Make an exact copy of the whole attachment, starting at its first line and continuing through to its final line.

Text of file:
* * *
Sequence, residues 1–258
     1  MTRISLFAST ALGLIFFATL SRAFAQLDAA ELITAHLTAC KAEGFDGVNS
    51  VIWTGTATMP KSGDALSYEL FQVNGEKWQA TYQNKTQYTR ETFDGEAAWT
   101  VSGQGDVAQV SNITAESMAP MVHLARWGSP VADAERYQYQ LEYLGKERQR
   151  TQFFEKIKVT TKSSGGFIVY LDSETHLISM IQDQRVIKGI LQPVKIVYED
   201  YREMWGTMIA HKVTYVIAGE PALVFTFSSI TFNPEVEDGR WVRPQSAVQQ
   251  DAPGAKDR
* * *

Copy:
Sequence, residues 1–258
     1  MTRISLFAST ALGLIFFATL SRAFAQLDAA ELITAHLTAC KAEGFDGVNS
    51  VIWTGTATMP KSGDALSYEL FQVNGEKWQA TYQNKTQYTR ETFDGEAAWT
   101  VSGQGDVAQV SNITAESMAP MVHLARWGSP VADAERYQYQ LEYLGKERQR
   151  TQFFEKIKVT TKSSGGFIVY LDSETHLISM IQDQRVIKGI LQPVKIVYED
   201  YREMWGTMIA HKVTYVIAGE PALVFTFSSI TFNPEVEDGR WVRPQSAVQQ
   251  DAPGAKDR